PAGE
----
8. Does your diet make it difficult for you to eat away from home? (Yes, for sure, as my recent vacation demonstrated. But here’s where I’m too extreme. Part of my problem of eating out is that I can’t collect all the statistics about it (my obsession). I can hardly take my digital scale into a restaurant and interesting it is mostly only the fast food places that provide nutrition information (intesting that the nutrition scolds, who hate all fast food, don’t recognize that Chez Panisse is terrible when it comes to nutrition statements and McDonalds is excellent. But of course dogma says Alice Waters is the high priestess of nutrition so nutritionists ignore those lapses.))
  9. Are you becoming socially isolated? (Compared to what, given most would say I was also already mostly social isolated (which I don’t agree with). But yes, a few social events have been unattractive to me because I won’t be able to control calorie intake (quantity, not which kind of fat was used to cook something) and that is a disruption I try to avoid.)
  10. Do you feel guilt or hate yourself when you stray from your diet? (Neither term applies, nor ‘shame’. This is not some moral judgment. But I do feel stupid. I work so hard at restraint and at exercise, then to screw all that up for just a few minutes of breakdown in will, yes, that bothers me. But these days I translate having a few bites of the crepe/apple/whippedcream dessert I made into minutes on the treadmill. It’s a high price to pay back for over-indulgence eating so I do kick myself when I stray.)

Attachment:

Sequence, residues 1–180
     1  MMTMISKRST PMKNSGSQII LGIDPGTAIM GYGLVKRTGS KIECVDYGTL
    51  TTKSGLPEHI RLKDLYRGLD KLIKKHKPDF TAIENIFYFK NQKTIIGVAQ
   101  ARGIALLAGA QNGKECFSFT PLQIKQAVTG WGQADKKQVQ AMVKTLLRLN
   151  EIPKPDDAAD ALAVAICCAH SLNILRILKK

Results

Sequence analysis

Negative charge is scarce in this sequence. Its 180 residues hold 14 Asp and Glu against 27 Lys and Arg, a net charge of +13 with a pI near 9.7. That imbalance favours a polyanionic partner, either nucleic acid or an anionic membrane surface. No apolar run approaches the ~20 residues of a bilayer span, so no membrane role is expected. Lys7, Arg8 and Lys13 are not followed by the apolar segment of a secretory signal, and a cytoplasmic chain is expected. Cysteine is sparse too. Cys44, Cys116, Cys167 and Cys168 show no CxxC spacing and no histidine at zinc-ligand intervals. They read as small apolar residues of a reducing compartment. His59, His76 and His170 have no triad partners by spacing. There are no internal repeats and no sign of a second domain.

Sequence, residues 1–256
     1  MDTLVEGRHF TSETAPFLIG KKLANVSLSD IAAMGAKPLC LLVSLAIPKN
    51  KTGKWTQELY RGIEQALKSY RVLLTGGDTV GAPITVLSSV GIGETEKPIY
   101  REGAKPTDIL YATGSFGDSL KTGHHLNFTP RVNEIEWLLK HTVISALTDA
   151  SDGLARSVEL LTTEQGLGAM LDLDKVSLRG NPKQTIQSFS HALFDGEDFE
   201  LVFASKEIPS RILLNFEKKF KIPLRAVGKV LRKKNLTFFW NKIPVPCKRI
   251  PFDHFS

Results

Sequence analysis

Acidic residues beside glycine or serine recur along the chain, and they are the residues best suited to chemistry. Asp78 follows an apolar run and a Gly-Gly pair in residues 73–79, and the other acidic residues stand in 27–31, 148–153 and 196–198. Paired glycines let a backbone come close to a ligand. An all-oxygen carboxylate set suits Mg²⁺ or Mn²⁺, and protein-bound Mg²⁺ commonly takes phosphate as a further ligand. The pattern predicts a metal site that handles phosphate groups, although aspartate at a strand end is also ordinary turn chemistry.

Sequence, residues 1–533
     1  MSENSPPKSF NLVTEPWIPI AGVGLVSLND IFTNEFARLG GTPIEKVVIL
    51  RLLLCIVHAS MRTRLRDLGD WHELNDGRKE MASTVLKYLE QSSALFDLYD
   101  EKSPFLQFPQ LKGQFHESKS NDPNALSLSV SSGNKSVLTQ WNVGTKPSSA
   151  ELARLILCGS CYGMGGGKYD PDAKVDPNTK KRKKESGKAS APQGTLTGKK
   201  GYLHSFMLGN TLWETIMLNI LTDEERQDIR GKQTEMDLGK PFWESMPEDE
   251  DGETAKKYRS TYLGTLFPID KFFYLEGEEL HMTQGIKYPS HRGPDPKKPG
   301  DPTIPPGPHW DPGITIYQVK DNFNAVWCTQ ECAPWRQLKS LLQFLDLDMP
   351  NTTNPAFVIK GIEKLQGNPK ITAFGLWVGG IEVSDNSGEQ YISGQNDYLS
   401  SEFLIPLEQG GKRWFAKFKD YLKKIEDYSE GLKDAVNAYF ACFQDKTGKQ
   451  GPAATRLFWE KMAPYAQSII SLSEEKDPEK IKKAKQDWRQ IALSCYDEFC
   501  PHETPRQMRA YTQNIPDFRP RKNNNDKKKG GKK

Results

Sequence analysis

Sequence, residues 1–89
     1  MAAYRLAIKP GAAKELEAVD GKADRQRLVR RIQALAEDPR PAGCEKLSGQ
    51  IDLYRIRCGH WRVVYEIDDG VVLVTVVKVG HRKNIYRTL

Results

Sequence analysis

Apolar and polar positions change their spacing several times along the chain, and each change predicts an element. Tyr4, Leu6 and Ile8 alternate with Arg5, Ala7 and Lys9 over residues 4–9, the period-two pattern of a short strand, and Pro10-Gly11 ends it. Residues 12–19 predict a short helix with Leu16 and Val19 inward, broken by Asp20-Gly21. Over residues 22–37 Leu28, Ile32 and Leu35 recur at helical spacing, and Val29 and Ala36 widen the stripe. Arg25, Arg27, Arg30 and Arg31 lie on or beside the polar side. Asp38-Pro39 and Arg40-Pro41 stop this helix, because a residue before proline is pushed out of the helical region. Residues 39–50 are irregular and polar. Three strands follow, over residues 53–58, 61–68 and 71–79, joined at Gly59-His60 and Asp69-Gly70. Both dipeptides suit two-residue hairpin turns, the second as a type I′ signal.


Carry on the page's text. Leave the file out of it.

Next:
11. When you eat the “good” foods, do you feel a peaceful sense of total control? (To a degree, but ‘total control’, what’s that. I don’t have total control over anything! When I eat the right amount of food (for my weight loss plan) I feel good about that. But my ideal eating would be eating tasty food and still staying within my calorie budget, or, even going over the budget for especially tasty food and then having the will (like the 5:2 Fast Diet) to make up for it. ‘good’, in the context of this question and quiz, implies a moral judgment, but I use ‘good’ to imply that the food is tasty, well-prepared, interesting, and fun to eat. I suspect this is the biggest difference between me and the orthorexics – I love eating, esp. ‘good’ food, but I hate being fat and the two are in conflict and now I’m leaning toward controlling the fat rather than my past of optimizing culinary experience.)